phinds said:
Do you understand how positional notation and radix number systems work?
Yes I am quite familiar with it.. and I have solved it accordingly but about the short method I am confused..

ranju said:
Yes I am quite familiar with it...
Your statement in post #6 suggests that this is not true.

phinds said:
Your statement in post #6 suggests that this is not true
see about that radix number system , I have done with the conventional method as I stated in my question..but in the short method the picture is different ..if 5+5 =4 and we are getting 3 for base x in the result , how to take the possibilities that's the problem..!

NascentOxygen said:
In the case in point, try ALL possible bases, one at a time.
How to try the possibilities ..?? what I am seeing your answer is to compare both sides ..is it so??

ranju said:
see about that radix number system , I have done with the conventional method as I stated in my question..but in the short method the picture is different ..if 5+5 =4 and we are getting 3 for base x in the result , how to take the possibilities that's the problem..!
Here's a three digit number: 1 3 5
I haven't told you the base it is written in. ( I'll give you a hint: it is not binary!)
What possible bases might it have? List some of them.

ranju said:
...if 5+5 =4 and we are getting 3 for base x in the result ...
Huh? Where did that set of numbers come from?

NascentOxygen said:
What possible bases might it have?
the base will be any number greater than 5..!

phinds said:
Huh? Where did that set of numbers come from?
sorry its 5+4 .. these are the LSBs of the given problem..!

ranju said:
the base will be any number greater than 5..!
Right!

So work your way up through the first dozen of these possibilities, applying it to the arithmetic expression in your first post.

ranju said:
sorry its 5+4 .. these are the LSBs of the given problem..!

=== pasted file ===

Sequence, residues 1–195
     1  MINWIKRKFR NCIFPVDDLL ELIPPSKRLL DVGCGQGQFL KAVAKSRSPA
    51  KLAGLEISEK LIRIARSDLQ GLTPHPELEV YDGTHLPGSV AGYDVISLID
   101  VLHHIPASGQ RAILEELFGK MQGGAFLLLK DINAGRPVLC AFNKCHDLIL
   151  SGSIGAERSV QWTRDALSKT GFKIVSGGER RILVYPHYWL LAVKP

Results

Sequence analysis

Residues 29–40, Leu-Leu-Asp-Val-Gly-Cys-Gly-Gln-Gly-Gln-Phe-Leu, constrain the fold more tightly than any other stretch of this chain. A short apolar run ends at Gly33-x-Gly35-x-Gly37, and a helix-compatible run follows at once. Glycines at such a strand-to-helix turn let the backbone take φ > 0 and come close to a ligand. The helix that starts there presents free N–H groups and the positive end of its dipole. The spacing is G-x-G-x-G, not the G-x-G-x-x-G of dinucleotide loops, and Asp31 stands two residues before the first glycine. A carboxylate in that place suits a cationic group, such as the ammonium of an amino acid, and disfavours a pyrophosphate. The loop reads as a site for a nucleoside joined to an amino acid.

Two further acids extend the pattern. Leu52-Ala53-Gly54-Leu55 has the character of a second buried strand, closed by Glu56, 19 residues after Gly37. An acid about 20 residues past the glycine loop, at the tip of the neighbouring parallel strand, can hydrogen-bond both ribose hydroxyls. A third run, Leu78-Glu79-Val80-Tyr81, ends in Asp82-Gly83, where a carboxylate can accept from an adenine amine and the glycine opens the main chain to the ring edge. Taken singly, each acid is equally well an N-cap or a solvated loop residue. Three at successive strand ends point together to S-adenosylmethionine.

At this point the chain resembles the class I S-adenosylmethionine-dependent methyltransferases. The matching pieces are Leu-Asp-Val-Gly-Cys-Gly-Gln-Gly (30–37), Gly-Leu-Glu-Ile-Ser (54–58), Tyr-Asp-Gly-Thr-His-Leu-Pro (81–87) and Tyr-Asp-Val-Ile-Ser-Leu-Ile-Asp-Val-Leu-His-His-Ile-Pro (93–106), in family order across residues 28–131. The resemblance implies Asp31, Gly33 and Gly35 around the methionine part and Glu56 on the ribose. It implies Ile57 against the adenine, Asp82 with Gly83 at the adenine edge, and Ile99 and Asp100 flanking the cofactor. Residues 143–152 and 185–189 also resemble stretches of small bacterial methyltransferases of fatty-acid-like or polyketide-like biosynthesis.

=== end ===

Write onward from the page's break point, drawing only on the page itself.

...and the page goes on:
Right. So now we're back to NascentOxygen's question in post #5, which you never answered, which led me to believe that you don't have a good understanding of positional notation and radix number systems. If you did have that understanding, you would not have even asked the question, so I again suggest that you go back to the basics and learn them before trying to apply them.

Look, I'm not trying to insult you or give you a hard time. We see this all the time here on the forum. Someone feels that they have a good grasp of particular material but their questions make it clear that this is not the case. In such cases, I always feel that it's a good idea for them to go back to the basics.

If you don't want to do that then NascentOxygen has given you enough hints to lead you to the answer for this particular problem and ones similar to it (but possibly not enough to generalize to all such radix number system problems, which is why I suggest going back to the basics).

Last edited:
NascentOxygen said:
Right!

So work your way up through the first dozen of these possibilities, using the arithmetic expression in your first post.
that's the problem actually I tried this thing..if we see as a whole all and all base 6 suits it..b
phinds said: